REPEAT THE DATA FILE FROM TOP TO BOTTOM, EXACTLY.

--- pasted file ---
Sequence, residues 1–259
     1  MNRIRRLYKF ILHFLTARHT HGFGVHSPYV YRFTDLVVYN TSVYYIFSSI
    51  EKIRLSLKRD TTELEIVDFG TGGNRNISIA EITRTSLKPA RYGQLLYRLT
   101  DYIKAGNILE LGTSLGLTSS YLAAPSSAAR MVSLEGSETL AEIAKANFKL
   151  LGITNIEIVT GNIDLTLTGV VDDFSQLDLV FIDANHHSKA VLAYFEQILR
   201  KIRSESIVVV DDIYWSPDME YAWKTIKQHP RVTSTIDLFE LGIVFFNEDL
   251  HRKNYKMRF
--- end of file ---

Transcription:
Sequence, residues 1–259
     1  MNRIRRLYKF ILHFLTARHT HGFGVHSPYV YRFTDLVVYN TSVYYIFSSI
    51  EKIRLSLKRD TTELEIVDFG TGGNRNISIA EITRTSLKPA RYGQLLYRLT
   101  DYIKAGNILE LGTSLGLTSS YLAAPSSAAR MVSLEGSETL AEIAKANFKL
   151  LGITNIEIVT GNIDLTLTGV VDDFSQLDLV FIDANHHSKA VLAYFEQILR
   201  KIRSESIVVV DDIYWSPDME YAWKTIKQHP RVTSTIDLFE LGIVFFNEDL
   251  HRKNYKMRF